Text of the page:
Stanford

LINGUISTICS 191/291 - STANFORD UNIVERSITY

Linguistics and the Teaching of English
as a Second/Foreign Language


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Linguistics 191/291 - CALL Mini-Course
Winter 2015
Time: To be arranged per participant schedules
 

Description.
This mini-course is offered as a 5th unit option for Linguistics 191/291 or a 1-unit directed study for anyone not taking that course. The goal is to provide you with an introduction to CALL (Computer-Assisted Language Learning) so that you can make informed judgments about how to incorporate technology into your language classes to make certain aspects of student learning more engaging, efficient, and/or effective. This overview will cover elements of development, evaluation, and implementation of software, along with information for using the World Wide Web as a learning environment and a resource for both you and your students. Interested auditors are welcome, regardless of whether you are taking the 191/291 course.

Requirements.
There are three requirements: 1) regular attendance, 2) completion of weekly preparatory material, and 3) a presentation and short writeup of an individual project (due at the last class) Note that weekly preparatory material will usually consist of a reading and exploration of some web links or other material. Auditors are not required to do (3).

There is flexibility in the final project, but some of the options are evaluating a piece of software, evaluating a language learning website, designing a piece of software or a website (just designing it or also programming it), writing a critical review of a CALL book or article, or writing a CALL lesson plan for existing materials or applications. Anyone interested in more than 1 unit for the course may negotiate a more ambitious project.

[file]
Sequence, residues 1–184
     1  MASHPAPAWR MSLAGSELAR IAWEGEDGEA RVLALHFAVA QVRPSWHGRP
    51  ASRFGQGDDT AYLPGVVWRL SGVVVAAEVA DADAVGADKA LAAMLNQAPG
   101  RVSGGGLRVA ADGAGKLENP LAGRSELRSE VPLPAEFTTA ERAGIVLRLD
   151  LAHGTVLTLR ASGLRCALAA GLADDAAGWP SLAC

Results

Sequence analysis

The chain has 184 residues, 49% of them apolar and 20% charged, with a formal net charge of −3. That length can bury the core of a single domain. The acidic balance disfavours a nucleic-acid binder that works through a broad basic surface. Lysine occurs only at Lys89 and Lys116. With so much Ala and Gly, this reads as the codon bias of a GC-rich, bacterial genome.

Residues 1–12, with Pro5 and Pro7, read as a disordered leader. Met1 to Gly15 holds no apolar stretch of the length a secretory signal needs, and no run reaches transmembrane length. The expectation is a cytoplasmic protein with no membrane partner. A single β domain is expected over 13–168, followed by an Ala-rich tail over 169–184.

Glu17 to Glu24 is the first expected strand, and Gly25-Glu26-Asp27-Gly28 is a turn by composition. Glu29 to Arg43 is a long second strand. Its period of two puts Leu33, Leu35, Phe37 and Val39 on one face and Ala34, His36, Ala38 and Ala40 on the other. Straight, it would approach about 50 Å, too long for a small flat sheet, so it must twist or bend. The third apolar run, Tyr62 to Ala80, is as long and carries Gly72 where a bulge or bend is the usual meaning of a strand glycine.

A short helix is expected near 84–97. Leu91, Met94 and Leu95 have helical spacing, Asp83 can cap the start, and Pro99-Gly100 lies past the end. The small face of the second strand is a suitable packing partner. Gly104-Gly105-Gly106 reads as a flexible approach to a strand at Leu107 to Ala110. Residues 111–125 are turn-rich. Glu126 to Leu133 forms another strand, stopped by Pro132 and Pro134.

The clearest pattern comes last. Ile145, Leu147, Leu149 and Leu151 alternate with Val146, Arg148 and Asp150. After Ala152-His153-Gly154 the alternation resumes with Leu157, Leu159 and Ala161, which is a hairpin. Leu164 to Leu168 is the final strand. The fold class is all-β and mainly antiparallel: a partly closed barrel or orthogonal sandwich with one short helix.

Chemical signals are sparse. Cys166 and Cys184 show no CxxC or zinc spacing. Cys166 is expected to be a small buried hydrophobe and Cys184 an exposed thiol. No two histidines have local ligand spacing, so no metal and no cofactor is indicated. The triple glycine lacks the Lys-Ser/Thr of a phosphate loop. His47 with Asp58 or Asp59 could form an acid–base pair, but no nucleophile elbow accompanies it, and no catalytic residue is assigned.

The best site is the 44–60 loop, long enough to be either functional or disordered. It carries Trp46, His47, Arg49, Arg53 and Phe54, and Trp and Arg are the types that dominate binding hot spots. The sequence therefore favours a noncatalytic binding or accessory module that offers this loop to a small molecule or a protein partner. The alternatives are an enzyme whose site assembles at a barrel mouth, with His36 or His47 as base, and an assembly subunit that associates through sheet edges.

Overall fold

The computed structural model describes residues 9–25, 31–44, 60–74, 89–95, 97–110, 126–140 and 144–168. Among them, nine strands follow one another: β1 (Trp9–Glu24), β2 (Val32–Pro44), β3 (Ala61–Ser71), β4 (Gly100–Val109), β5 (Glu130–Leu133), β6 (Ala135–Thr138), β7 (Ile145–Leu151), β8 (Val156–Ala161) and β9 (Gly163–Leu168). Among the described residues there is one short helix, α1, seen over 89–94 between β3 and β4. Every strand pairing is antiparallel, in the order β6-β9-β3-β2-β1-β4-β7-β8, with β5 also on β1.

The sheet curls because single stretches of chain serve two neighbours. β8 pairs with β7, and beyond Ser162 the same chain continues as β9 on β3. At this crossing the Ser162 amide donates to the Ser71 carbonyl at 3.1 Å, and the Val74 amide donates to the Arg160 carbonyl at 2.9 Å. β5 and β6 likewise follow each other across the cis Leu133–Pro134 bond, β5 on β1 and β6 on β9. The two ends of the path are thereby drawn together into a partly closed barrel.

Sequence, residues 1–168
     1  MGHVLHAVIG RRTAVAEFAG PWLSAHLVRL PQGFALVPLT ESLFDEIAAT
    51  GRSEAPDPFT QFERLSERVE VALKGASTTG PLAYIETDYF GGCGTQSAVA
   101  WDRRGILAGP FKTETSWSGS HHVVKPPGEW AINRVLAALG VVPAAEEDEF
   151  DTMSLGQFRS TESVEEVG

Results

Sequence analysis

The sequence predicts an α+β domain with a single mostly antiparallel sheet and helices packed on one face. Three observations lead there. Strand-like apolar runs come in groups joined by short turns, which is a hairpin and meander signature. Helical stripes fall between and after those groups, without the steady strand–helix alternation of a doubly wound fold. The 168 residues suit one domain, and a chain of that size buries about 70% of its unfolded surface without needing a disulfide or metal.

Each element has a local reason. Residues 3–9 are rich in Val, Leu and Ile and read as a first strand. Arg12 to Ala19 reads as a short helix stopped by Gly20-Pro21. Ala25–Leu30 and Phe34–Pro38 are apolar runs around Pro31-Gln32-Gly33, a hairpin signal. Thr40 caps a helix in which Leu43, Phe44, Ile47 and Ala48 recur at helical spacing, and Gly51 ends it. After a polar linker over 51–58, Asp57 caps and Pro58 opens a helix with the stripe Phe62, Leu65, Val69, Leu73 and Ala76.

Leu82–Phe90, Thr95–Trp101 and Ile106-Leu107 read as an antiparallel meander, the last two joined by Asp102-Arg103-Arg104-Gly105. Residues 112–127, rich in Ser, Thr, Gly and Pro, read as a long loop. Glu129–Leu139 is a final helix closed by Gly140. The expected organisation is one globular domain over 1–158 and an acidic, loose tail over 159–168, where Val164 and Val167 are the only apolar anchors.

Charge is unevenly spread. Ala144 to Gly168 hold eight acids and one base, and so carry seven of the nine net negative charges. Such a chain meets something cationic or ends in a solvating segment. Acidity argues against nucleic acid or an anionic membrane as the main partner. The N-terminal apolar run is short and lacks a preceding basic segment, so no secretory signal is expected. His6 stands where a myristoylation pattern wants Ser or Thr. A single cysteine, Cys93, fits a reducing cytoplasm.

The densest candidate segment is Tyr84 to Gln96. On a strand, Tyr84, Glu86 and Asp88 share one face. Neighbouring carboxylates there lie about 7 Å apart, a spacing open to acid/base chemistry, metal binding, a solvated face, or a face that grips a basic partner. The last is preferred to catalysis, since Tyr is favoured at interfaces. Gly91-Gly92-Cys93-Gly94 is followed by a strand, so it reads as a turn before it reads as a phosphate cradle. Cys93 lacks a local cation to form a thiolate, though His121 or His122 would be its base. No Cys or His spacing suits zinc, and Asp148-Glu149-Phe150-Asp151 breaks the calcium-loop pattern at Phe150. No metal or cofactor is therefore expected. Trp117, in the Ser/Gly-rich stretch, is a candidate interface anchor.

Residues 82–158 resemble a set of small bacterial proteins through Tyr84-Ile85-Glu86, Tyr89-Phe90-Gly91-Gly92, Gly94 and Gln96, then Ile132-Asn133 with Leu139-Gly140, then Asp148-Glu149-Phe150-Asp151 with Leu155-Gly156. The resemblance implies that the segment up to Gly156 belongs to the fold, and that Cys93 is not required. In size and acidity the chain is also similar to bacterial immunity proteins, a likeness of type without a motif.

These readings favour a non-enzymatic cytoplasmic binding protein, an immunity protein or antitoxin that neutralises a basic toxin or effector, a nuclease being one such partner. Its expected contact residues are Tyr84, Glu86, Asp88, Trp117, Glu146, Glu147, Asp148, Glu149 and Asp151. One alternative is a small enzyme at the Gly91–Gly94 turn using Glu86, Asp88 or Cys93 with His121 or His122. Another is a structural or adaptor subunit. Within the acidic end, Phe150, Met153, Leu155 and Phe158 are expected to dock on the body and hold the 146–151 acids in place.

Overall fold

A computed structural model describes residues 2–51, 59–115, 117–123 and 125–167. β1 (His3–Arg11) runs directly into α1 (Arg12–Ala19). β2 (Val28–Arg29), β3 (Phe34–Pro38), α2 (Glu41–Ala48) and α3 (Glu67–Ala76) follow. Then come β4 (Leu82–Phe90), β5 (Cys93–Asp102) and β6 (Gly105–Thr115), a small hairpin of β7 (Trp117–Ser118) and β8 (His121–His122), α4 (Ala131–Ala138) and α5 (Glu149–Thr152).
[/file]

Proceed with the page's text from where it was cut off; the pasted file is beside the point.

Tentative List of Weekly Topics.  More information and links are found on the Invitation to CALL website.

 

Class Topics (tentative) Assignment (assignments are due the week following, but you are encouraged to skim the unit ahead of time)
1 Introduction to Computer-Assisted Language Learning Read Unit 1. Homework -- (weekly assignments will be provided here once the course begins)
2 Finding and Evaluating CALL Resources Read Unit 2.
3 Computer Mediated Communication Read Unit 3.
4 CALL and Language Skills Read Unit 4.
5 Environments, Materials, and Activities Read Unit 5.
6 CALL Theory and Research Read Unit 6.
7 CALL Teacher Education, Professional Development, and Learner Training Read Unit 7.
8 Current Trends and Future Directions Read Unit 8.

CALL Project Assignment

If you are taking the CALL section for credit, you are required to do a short project and present it in class during the final meeting. You will have 10 minutes for the presentation, so please prepare accordingly. The project should include a writeup, which is a part of your final grade and is due by March 21 (sooner is better)

The project can be of your own choice but should obviously be connected to the theme of the class. Here are some pre-approved options: you may propose others, but if you do, please clear them with me ahead of time.

1) A critical review of a CALL book or article.

2) An evaluation of a piece of software or a website. Be sure to follow the general guidelines described in class (Unit 2) (operational description, teacher fit, learner fit)

3) Design of a piece of software, a website, or a language learning task that employs computer technology. Include a clear justification of the learning objectives and why you think your proposed software, website or task will help meet them.

4) Design and programming/scripting of a piece of software or website. If you actually program create, the design can be simpler than if you're just proposing. Or you can just create some small part of it for demonstration purposes.

I am available by appointment to discuss any and all aspects of your projects. The length of the writeup will vary with the project but should not exceed 8 pages double-space: projects like (3) and (4) involving creative work may have shorter writeups.


Last modified: November 10, 2014 by Phil Hubbard